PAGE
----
Cloud on Tap Web Accessibility Statement
Some people like to zoom into the screen or web browser in order to see things better. Here are a few ways of doing it depending on your setup:
On Windows, press the Windows key and plus sign (+) at the same time to zoom in. You can also use the “Magnifier” application under “Accessories”.
On Mac, go to “System Preferences”, open “Universal Access” and select the “Seeing” tab. Check the box under “Zoom” to “On”.
On your Apple device, tap “Settings”, then “General”, then “Accessibility”. Tap the “Zoom” button and toggle it “On”.
Another trick is to use “Ctrl” (“Cmd” on Mac) plus the plus (+) or minus (-) keys when you’re in a web browser.
Some people like to change colors or fonts to see words more clearly. Most major web browsers have options to do this:
In Internet Explorer, go to “Tools”, then “Internet Options”, on to “General”. From here, select “Colors, Fonts, or Accessibility”.
In Mozilla Firefox, choose “Options”, then “Content”, then finally “Fonts & Colors”.
In Safari, select “Preferences”, “Appearance” tab, and then hit the “Select…” button next to the font fields.
In Chrome, go to “Preferences”, activate the “Show advanced settings” link, go to the “Web content” heading and change the “Font size”, “Customize fonts” in other ways, or set default “Page zoom”.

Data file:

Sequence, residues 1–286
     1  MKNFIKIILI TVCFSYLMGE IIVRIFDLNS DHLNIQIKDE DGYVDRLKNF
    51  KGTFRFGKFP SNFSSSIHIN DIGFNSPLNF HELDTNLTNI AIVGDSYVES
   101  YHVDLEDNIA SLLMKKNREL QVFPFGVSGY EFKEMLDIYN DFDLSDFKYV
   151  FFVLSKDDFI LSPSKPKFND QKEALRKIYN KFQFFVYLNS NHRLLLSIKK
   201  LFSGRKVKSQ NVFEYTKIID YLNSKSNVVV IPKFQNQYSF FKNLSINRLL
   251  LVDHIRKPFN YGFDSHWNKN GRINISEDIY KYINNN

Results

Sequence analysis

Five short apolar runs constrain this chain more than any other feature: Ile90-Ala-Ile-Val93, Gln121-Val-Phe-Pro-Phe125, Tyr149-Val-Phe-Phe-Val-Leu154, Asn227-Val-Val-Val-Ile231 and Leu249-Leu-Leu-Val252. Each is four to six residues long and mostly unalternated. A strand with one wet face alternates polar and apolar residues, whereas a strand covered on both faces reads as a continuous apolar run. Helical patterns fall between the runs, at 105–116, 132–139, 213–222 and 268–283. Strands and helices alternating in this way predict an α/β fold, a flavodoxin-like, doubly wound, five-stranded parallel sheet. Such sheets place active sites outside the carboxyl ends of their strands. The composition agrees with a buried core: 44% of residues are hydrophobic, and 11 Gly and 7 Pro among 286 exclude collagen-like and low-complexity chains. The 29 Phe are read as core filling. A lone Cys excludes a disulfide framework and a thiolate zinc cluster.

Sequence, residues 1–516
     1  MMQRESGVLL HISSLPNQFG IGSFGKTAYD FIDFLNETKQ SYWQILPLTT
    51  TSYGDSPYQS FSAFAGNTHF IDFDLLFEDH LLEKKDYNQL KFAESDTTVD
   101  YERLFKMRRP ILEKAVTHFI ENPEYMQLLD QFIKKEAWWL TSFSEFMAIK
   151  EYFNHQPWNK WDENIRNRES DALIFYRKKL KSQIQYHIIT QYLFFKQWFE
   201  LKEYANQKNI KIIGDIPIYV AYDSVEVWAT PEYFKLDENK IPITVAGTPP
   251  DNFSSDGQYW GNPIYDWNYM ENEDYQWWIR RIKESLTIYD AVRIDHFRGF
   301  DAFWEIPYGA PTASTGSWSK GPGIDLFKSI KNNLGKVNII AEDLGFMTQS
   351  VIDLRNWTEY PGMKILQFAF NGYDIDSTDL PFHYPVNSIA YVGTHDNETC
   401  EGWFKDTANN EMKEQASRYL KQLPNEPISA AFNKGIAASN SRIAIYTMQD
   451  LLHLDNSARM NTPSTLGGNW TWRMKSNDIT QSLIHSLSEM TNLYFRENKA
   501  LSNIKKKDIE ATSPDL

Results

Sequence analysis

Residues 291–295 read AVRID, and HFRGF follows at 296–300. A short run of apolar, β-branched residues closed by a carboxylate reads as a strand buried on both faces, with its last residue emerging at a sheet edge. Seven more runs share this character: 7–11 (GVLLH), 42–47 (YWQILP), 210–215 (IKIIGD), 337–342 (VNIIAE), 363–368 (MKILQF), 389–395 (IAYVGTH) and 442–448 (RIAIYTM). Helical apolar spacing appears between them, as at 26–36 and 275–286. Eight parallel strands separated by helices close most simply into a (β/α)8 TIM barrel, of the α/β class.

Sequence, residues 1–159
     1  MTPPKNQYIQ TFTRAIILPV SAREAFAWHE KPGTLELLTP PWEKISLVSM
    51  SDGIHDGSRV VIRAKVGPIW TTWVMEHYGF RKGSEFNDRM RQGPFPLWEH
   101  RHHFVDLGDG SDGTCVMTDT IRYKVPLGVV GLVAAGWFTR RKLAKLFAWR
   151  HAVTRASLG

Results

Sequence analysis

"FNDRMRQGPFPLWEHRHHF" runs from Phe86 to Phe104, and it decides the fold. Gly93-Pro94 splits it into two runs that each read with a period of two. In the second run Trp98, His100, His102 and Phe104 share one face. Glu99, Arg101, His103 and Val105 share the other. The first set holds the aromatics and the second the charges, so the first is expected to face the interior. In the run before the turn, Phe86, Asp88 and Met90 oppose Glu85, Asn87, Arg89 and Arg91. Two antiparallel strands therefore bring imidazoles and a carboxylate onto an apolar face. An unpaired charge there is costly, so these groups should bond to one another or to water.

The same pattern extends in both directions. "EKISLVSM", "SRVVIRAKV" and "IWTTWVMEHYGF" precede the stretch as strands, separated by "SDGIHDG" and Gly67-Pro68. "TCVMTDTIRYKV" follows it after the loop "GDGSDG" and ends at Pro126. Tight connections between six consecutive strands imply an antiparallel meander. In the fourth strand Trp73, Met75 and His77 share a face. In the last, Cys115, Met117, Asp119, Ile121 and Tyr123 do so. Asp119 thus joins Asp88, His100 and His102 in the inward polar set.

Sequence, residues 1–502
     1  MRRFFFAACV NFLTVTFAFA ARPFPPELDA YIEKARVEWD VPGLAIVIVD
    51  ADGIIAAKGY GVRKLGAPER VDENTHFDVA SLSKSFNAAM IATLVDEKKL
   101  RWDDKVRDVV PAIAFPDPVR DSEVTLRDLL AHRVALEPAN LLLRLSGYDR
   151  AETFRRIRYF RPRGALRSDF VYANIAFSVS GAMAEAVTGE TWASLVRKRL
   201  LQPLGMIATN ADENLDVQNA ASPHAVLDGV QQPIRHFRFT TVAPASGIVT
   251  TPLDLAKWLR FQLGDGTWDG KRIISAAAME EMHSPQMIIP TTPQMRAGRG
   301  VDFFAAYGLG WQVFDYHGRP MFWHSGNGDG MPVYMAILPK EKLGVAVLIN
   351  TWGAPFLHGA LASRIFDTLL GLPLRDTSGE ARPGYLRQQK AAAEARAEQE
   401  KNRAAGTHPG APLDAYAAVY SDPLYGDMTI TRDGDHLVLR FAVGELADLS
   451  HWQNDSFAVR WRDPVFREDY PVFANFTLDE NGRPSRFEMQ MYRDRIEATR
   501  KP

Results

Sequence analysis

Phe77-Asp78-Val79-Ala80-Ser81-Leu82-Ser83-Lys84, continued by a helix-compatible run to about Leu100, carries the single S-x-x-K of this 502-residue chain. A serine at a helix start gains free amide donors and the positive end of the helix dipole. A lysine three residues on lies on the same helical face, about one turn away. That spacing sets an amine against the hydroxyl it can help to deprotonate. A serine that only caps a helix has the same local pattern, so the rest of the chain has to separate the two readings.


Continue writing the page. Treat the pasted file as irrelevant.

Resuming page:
We recommend a mixture of settings like enlarging font size and zooming into the browser for a better experience.
Screen readers are text-to-speech software that allow people to read and interact with content in different ways. Many people who cannot perceive what is on the screen will use them to allow audible access to web content. We strive to ensure that our content is accessible to screen readers.
There are free options available including NVDA for Windows and VoiceOver for Mac. What we recommend is JAWS for Windows. You can use this with your favorite web browser.
Screen readers accept input in a variety of ways, but one of the most common forms is through your keyboard. By pressing the down arrow in JAWS, for example, you are able to navigate through items on the page. JAWS will also accept Braille input.
There are a lot of great features right on your smart phone. iOS and Android alike provide many tools to help you access what you love. Let’s have a look at a few of those tools.
VoiceOver for iOS and TalkBack for Android are the screen readers that come built-in. To turn on VoiceOver, go to “Settings”, then “General”, to “Accessibility”, and then turn “VoiceOver” on. You can set the “Accessibility Shortcut” to “VoiceOver” from the “Accessibility” page in order to triple-click the “Home” button to toggle VoiceOver on and off. TalkBack has a similar feature.
“Zoom”, “Magnifier”, “Invert Colors”, “Color Filters”, and “Reduce White Point” are other features and tools on iOS that you can use. These are also available through the “Accessibility Shortcut”.